As a frontline responder, the ASPCA knows firsthand that disasters create impossible, heartbreaking scenarios for animals and the people who risk their own safety to rescue them. Whether it’s wildfires in the West, hurricanes on the Gulf Coast or tornadoes in the Midwest, we’ve seen the severe toll disasters take on people and animals living in affected areas.
One way we can help ensure that animals are protected when disaster strikes is through proper planning. Given the size and expense of rescue efforts, businesses that profit from animals should have well-formed plans in place before emergencies strike to protect the animals in their care. When businesses and institutions shirk this responsibility, animals are left in peril and abandoned by the very institutions meant to care for them. Local first responders and non-governmental organizations end up assuming the risk and expense of rescuing animals during disasters.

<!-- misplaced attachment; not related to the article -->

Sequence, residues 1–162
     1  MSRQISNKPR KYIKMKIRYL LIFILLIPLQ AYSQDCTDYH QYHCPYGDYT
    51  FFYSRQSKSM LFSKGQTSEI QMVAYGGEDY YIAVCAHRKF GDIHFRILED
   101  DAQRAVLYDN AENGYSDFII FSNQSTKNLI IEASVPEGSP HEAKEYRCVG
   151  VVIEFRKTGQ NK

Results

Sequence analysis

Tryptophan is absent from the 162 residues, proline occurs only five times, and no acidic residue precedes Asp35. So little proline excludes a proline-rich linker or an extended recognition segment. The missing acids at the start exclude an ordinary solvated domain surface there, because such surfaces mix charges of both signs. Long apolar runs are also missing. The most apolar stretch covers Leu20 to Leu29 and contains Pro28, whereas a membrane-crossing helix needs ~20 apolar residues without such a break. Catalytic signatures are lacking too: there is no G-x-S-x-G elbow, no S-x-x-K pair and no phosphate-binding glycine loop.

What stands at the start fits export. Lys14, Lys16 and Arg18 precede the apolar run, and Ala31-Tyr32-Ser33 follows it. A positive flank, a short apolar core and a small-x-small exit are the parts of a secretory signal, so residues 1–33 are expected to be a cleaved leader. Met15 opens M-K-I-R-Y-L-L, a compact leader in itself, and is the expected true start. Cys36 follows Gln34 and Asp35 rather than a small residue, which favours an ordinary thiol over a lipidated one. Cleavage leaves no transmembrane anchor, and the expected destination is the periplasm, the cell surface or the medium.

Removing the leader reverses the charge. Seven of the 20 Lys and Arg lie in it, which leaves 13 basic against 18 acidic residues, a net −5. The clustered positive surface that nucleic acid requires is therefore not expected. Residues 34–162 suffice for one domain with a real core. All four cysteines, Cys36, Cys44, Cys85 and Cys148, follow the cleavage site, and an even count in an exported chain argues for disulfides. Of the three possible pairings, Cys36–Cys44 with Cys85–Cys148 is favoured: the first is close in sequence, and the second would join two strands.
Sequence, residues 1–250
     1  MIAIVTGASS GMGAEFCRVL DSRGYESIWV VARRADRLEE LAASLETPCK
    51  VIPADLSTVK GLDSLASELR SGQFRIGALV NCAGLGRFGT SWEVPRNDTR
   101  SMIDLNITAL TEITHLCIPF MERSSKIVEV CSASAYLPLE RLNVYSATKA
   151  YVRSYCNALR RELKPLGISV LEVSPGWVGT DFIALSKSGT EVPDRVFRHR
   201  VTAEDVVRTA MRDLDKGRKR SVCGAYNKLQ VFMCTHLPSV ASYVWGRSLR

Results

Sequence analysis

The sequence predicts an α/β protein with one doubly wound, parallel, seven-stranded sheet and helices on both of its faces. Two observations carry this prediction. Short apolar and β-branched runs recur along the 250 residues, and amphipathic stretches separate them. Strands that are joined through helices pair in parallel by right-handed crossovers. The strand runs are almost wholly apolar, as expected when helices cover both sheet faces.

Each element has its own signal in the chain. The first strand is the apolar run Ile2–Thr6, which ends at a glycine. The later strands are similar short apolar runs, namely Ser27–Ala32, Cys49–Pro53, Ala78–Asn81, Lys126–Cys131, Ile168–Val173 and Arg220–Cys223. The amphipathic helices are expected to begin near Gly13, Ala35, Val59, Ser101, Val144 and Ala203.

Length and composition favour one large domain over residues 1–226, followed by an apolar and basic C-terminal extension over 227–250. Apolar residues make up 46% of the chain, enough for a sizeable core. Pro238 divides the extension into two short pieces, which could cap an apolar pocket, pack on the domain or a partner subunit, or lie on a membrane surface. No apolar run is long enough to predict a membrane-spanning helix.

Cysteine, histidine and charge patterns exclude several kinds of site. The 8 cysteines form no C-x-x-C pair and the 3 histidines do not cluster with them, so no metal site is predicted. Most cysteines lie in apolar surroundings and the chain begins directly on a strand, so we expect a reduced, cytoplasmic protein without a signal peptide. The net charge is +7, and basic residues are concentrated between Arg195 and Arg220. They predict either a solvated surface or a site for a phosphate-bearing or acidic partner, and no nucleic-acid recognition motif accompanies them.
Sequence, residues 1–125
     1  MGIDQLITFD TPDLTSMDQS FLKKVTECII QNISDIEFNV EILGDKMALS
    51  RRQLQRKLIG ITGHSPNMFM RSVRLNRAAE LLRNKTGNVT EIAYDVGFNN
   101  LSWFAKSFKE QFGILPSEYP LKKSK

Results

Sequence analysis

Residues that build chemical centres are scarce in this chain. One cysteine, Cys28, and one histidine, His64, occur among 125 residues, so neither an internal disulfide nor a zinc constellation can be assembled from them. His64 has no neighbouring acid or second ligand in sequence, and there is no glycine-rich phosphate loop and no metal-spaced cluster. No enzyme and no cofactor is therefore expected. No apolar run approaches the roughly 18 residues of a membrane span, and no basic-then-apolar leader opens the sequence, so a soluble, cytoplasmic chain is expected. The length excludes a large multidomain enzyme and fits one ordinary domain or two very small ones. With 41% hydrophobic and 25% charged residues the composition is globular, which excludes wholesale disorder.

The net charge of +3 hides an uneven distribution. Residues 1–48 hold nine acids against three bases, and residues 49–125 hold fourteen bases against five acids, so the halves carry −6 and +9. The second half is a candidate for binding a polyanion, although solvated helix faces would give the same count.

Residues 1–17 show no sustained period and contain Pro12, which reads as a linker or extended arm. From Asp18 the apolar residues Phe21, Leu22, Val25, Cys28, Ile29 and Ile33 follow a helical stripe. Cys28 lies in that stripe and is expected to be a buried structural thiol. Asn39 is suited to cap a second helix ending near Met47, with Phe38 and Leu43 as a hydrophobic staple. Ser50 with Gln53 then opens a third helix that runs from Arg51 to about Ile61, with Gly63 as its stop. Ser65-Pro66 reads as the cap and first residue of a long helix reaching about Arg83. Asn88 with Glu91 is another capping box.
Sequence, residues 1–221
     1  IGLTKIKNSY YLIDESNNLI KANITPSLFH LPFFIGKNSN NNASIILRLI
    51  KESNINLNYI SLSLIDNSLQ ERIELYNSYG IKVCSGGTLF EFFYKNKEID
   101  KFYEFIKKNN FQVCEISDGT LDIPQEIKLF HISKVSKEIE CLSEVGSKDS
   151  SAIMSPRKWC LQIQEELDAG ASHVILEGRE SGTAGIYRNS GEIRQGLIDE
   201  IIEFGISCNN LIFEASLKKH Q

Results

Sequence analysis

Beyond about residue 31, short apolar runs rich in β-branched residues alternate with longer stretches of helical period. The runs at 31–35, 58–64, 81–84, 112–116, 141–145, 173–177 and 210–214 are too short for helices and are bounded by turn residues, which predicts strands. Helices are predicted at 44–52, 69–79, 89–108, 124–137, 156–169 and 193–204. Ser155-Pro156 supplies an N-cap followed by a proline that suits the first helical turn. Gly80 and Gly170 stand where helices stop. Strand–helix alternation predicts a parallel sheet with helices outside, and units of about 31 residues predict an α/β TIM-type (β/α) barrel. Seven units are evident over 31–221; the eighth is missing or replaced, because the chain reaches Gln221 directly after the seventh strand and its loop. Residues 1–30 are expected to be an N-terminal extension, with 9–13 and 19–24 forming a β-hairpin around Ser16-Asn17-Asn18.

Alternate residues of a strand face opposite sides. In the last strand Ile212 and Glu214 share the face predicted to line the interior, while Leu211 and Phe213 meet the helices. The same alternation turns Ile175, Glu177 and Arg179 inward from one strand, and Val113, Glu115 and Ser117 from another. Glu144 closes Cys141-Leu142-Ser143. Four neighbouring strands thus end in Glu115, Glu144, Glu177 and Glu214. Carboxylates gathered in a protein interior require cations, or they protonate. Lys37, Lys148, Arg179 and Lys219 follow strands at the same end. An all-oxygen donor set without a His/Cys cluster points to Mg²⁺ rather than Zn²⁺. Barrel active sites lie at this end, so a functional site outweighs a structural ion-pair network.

The Providing Responsible Emergency Plans for Animals at Risk of Emerging Disasters (PREPARED) Act (H.R. 1042), will require facilities regulated by the Animal Welfare Act (AWA)—such as commercial animal breeders (puppy mills), zoos and research institutions—to create detailed response plans for protecting animals in their care during disasters and ensure that employees know the steps to take when an emergency occurs.
Hurricane Katrina killed approximately 8,000 animals, including dogs and monkeys, at a medical school in New Orleans. Better planning could have likely saved more of those animals, just like better planning could save dogs currently in USDA licensed puppy mills from the ravages of a future storm.
With natural disasters on the rise, this legislation is needed now more than ever.